SARASOTA - As the topic of immigration takes center stage, more and more people are calling for reform. Tuesday a house subcommittee discussed the issue. But, as the political debate continues the people who are affected the most by immigration reform say they are stuck in the middle.
"There's a lot of families out there being separated just because they don't have legal status," said U.S citizen Veronica Garcia
Garcia knows first hand the struggle to keep her family in this country. Her husband over stayed his tourist visa, a crime that could have resulted in jail time and deportation.
"The experience was pretty scary, not knowing if I was going to be able to keep my husband in the United States or have to go back to Mexico," said Garcia.
Garcia's situation isn't isolated. There are millions of illegal immigrants fighting to stay in the county. Local immigration attorney Victoria Karins says according to current laws, if you came into the country illegally you cannot get legal status, regardless of how many years you've lived here.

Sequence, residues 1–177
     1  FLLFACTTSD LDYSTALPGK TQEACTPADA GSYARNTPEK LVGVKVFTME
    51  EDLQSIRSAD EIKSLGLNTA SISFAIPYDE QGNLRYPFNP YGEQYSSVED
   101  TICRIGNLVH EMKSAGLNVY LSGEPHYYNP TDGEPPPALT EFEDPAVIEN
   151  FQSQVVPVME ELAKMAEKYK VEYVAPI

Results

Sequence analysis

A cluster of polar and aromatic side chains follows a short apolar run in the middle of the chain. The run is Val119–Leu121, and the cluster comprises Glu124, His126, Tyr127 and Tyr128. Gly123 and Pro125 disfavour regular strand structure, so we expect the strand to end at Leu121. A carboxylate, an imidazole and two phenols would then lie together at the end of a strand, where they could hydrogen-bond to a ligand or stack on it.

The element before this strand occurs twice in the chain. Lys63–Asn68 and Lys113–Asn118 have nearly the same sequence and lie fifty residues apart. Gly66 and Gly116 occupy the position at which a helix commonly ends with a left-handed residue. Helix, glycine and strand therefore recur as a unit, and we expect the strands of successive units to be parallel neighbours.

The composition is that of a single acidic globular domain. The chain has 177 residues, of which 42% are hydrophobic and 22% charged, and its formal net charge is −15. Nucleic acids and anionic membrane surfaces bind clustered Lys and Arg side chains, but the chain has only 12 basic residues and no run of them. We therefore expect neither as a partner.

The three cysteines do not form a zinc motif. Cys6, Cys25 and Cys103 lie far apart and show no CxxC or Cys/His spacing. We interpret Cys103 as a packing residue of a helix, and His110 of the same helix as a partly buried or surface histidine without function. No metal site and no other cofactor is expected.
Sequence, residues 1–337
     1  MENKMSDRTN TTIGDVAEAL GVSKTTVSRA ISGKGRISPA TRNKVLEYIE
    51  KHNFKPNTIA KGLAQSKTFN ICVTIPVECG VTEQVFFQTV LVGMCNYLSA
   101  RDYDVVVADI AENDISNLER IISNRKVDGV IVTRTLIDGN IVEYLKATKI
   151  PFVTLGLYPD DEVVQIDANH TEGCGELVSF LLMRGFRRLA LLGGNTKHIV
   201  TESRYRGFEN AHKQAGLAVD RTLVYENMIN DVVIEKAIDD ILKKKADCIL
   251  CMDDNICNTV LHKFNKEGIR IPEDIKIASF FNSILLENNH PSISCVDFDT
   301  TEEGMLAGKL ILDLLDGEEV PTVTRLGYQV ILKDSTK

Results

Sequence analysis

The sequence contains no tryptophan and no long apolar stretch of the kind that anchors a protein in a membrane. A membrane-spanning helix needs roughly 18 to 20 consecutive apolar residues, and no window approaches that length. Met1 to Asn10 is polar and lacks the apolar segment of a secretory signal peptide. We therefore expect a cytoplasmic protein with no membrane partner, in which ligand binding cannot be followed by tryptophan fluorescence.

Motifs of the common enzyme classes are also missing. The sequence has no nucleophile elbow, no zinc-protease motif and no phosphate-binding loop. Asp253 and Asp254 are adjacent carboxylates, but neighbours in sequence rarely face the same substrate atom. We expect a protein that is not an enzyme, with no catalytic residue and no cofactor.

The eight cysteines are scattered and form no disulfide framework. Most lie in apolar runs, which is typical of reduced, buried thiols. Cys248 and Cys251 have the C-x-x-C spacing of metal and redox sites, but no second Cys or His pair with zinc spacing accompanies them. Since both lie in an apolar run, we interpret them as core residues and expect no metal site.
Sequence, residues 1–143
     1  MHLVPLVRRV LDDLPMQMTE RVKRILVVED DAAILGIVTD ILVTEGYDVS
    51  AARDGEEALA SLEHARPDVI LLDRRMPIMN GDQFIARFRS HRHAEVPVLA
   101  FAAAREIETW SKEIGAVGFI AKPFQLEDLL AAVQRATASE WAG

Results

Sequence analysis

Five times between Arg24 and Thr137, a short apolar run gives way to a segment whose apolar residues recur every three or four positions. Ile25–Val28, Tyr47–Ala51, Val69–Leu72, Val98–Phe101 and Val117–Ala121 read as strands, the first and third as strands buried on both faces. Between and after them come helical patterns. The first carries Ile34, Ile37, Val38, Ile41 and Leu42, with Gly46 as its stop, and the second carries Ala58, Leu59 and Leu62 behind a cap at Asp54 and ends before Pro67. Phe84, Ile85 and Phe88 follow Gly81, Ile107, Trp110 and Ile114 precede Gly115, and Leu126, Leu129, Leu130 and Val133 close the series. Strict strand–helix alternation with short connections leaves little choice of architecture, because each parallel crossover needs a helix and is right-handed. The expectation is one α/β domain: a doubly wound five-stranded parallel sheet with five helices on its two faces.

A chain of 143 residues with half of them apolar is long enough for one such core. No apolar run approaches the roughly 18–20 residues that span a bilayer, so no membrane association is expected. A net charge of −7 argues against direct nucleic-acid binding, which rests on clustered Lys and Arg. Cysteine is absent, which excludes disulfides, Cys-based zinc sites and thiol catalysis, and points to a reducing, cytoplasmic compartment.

"They're really in a stuck position, they don't have an option here, but if they leave, they can be kept out. So, really our policies almost encourage people to stay here illegally," added Karins.
According to Karins that's because the process of coming into the country legally could take years. "Waiting can be up to 20 years for people from Mexico. There is an employment based options as well, but that still takes a long time. So when people say they should do it legally, there are very few options to do it legally," said Karins.
The issue has sparked a controversial debate on immigration reform. One side is calling for tighter boarder regulations and the speedy return of those caught in the country illegally. While the other side says those who came here illegally should have an opportunity to stay.
"The Republicans and the Democrats are really at odds at whether there should be some permanent path to citizenship and it remains to be seen," said Karins.
In the meantime, those fighting to keep their family together say they are stuck in the middle.
"I bet they wouldn't like there family be torn apart because someone broke the law to come into the us illegally, all these people come not because they want to come but its their dream to be in the us," said Garcia.